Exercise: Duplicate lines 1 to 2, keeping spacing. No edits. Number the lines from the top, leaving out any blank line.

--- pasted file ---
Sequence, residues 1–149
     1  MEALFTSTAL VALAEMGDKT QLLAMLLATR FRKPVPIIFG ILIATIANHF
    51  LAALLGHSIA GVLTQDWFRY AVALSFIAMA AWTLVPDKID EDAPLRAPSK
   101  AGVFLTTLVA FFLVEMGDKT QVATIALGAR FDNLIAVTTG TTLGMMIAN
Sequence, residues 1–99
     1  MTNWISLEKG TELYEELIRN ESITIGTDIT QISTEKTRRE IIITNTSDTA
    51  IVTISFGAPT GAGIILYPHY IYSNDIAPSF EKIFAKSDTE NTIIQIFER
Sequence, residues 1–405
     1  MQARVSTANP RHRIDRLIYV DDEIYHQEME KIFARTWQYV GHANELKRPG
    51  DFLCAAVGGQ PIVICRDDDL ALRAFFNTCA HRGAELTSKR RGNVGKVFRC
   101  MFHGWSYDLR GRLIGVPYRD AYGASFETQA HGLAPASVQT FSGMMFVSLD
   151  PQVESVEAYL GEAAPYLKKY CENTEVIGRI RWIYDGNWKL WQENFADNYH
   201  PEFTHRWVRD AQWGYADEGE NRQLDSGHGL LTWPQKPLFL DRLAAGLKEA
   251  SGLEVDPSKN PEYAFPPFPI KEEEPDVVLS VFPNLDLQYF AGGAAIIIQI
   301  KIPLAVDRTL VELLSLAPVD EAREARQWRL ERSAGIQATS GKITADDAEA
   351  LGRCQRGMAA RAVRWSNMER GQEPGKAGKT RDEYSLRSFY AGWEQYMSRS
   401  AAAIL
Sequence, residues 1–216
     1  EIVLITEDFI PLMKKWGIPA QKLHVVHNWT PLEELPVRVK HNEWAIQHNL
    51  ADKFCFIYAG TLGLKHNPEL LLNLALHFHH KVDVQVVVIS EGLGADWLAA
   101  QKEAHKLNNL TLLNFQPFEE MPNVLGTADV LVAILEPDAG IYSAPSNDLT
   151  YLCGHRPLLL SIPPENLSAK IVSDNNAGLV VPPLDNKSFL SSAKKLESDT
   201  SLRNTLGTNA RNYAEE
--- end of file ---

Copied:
Sequence, residues 1–149
     1  MEALFTSTAL VALAEMGDKT QLLAMLLATR FRKPVPIIFG ILIATIANHF